In 2012-2013 California used the California Standards Tests (CSTs) to test students in English language arts in grades 2 through 11; math in grades 2 through 7; science in grades 5, 8 and 10; and history-social science in grades 8 and 11. Middle and high school students also took subject-specific CSTs in math and science, depending on the course in which they were enrolled. The CSTs are standards-based tests, which means they measure how well students are mastering specific skills defined for each grade by the state of California. The goal is for all students to score at or above proficient on the tests.

Source: California Department of Education

English Language Arts

All Students82%
Females85%
Males79%
African Americann/a
Asian92%
Filipinon/a
Hispanic or Latino45%
American Indian or Alaska Nativen/a
Native Hawaiiann/a
Pacific Islandern/a
Samoann/a
Other Pacific Islandern/a
White (not Hispanic)88%
Economically disadvantaged46%
Not economically disadvantaged87%
Students with disabilityn/a
Students with no reported disability84%
English learner78%
Fluent-English proficient and English only83%
Migrant educationn/a
Gifted and talentedn/a
Parent education - not a high school graduaten/a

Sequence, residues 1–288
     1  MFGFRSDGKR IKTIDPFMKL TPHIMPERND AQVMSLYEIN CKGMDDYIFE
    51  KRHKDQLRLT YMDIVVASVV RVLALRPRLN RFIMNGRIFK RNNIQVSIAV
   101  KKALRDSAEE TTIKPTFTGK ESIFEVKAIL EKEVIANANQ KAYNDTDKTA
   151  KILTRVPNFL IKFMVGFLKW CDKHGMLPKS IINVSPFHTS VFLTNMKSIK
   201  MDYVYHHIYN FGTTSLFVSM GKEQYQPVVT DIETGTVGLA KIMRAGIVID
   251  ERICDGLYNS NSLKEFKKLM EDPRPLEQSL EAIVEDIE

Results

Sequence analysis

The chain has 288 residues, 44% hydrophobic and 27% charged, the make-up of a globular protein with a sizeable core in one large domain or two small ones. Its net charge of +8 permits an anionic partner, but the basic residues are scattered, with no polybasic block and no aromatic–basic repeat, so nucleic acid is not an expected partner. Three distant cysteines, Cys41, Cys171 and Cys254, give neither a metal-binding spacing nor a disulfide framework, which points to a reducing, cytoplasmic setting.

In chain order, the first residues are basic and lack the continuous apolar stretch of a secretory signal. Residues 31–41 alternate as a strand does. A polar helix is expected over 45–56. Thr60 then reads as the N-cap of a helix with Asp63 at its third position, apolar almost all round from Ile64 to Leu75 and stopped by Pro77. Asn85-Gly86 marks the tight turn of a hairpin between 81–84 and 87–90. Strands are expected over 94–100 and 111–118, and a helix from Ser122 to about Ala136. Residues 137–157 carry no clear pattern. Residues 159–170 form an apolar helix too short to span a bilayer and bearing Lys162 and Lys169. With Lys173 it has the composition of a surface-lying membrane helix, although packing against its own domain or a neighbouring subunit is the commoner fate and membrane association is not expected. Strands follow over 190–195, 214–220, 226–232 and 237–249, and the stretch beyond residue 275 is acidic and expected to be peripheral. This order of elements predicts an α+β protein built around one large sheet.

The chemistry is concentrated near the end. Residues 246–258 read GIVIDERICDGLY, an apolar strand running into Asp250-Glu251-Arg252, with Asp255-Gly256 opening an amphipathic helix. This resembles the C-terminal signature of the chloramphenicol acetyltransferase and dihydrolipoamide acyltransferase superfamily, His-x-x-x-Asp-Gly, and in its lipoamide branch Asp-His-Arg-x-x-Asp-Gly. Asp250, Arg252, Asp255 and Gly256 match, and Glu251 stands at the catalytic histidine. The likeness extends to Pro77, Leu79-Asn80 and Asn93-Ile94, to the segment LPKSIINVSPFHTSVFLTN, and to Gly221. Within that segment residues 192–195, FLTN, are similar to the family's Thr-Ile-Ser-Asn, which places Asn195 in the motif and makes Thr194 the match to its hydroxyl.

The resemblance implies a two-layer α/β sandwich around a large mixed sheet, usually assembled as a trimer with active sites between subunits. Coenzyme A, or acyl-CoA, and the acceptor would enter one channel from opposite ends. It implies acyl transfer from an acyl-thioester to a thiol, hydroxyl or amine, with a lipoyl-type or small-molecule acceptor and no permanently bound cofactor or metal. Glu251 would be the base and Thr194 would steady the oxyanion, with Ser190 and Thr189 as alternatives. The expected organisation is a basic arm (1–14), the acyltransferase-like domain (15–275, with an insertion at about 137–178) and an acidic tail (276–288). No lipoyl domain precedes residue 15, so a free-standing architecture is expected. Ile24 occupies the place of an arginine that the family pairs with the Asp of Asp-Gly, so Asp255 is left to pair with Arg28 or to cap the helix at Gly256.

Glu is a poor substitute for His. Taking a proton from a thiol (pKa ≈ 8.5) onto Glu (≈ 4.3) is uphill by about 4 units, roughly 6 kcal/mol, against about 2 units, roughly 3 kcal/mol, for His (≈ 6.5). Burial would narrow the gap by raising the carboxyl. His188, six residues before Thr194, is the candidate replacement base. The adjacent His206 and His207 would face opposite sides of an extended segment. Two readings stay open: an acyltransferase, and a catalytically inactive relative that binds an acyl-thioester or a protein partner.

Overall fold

Parent education - high school graduaten/a
Parent education - some college (includes AA degree)n/a
Parent education - college graduate84%
Parent education - graduate school/post graduate94%
Parent education - declined to staten/a

Math

All Students91%
Females92%
Males91%
African Americann/a
Asian94%
Filipinon/a
Hispanic or Latino55%
American Indian or Alaska Nativen/a
Native Hawaiiann/a
Pacific Islandern/a
Samoann/a
Other Pacific Islandern/a
White (not Hispanic)96%
Economically disadvantaged54%
Not economically disadvantaged96%
Students with disabilityn/a
Students with no reported disability93%
English learner91%
Fluent-English proficient and English only91%
Migrant educationn/a
Gifted and talentedn/a
Parent education - not a high school graduaten/a
Parent education - high school graduaten/a
Parent education - some college (includes AA degree)n/a
Parent education - college graduate98%
Parent education - graduate school/post graduate96%
Parent education - declined to staten/a
Scale: % proficient or advanced

About the tests